12Mineral Mixture Reading Graphs: - Igneous RocksMineral MixtureReading Graphs:What mineral is most abundant in granite?Feldspar
13Mineral Mixture Reading Graphs: - Igneous RocksMineral MixtureReading Graphs:About what percentage of granite is made up of dark minerals?10%
14Mineral Mixture Calculating: - Igneous RocksMineral MixtureCalculating:If the amount of quartz increases to 35 percent and the amount of dark-colored minerals stays the same, what percentage of the granite will be made up of feldspar?100% - (35% + 10%) = 55%
15Mineral Mixture Predicting: - Igneous RocksMineral MixturePredicting:How would the color of the granite change if it contained less feldspar and more mica and hornblende?The overall color would be darker.
16Click the SciLinks button for links on igneous rocks.
17- Sedimentary RocksFrom Sediment to RockMost sedimentary rocks are formed through a series of processes: erosion, deposition, compaction, and cementation.
18- Sedimentary RocksFrom Sediment to RockSediment – small, solid pieces of material that come from rocks or organisms.Usually forms due to erosionErosion – a destructive process in which water or wind loosens and carries away fragments of rock.Deposition – process by which sediment settles out of the water or wind that is carrying it.
19- Sedimentary RocksFrom Sediment to RockCompaction – process by which sediments are pressed together under their own weight.Occurs over millions of years as layers buildCementation – process by which dissolved minerals crystallize and glue particles of sediment together into one mass.Takes place when sediment is in the presence of water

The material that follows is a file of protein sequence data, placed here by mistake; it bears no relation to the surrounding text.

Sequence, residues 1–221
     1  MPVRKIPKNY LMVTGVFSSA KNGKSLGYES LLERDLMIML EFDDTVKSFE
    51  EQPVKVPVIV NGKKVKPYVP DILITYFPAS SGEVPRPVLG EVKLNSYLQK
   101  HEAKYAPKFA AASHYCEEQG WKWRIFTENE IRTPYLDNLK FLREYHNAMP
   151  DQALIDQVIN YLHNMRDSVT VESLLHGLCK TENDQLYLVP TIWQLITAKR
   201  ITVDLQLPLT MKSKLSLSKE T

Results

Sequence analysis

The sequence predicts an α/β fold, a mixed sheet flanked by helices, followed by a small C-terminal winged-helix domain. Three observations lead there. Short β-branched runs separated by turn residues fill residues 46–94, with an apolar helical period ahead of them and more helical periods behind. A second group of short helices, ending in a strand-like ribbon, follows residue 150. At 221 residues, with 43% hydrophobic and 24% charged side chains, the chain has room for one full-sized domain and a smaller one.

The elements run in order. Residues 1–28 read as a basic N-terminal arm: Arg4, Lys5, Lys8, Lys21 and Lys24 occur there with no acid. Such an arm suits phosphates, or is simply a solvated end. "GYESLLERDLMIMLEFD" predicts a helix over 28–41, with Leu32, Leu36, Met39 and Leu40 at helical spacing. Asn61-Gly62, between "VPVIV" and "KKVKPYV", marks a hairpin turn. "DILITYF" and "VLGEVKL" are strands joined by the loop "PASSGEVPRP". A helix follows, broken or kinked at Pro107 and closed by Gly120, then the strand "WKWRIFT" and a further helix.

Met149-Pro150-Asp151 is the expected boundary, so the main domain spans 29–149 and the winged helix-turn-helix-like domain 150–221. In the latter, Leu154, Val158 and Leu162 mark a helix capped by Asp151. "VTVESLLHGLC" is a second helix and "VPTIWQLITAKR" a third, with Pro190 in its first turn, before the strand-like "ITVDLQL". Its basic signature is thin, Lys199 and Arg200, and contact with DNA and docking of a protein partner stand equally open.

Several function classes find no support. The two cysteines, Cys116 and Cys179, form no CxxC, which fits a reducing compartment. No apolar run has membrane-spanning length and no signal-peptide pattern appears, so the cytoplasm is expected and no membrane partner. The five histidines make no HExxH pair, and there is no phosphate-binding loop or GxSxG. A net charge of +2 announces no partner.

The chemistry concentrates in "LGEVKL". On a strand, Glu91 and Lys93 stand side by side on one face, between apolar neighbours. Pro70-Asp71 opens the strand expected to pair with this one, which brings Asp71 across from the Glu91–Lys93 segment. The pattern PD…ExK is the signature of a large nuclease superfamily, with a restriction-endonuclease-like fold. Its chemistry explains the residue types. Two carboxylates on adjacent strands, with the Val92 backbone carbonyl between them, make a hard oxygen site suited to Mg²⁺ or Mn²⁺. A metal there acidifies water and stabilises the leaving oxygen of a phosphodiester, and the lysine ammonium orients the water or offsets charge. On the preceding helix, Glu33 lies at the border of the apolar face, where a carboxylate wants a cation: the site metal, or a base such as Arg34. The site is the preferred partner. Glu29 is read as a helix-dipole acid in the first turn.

20Types of Sedimentary Rock - Sedimentary RocksTypes of Sedimentary RockThere are three major groups of sedimentary rocks:clastic rocks, organic rocks, and chemical rocks.Clastic rock – sedimentary rock that forms when rock fragments are squeezed together under high pressure.Can range in size from microscopic clay particles to large bouldersEx: shale, sandstone, conglomerate, and breccia
21Types of Sedimentary Rock - Sedimentary RocksTypes of Sedimentary RockOrganic rock – sedimentary rock that forms from remains of organisms deposited in thick layers.Ex: Coal and LimestoneCoal forms from the remains of swamp plants buried in water.Limestone forms in the ocean, where many living things, such as coral, clams, and oysters, have hard shells made of calcite that collect on the ocean floor.PeatLigniteBituminousAnthracite
22Types of Sedimentary Rock - Sedimentary RocksTypes of Sedimentary RockChemical rock – sedimentary rock that forms when minerals crystallize from a solution. (Reacts to HCl)Ex: Limestone forms from calcite deposits dissolved in lakes, rivers, streams.